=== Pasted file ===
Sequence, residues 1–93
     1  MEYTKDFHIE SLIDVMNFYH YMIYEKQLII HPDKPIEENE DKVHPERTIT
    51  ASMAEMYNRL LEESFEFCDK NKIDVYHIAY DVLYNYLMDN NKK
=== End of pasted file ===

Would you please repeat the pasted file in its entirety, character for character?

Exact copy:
Sequence, residues 1–93
     1  MEYTKDFHIE SLIDVMNFYH YMIYEKQLII HPDKPIEENE DKVHPERTIT
    51  ASMAEMYNRL LEESFEFCDK NKIDVYHIAY DVLYNYLMDN NKK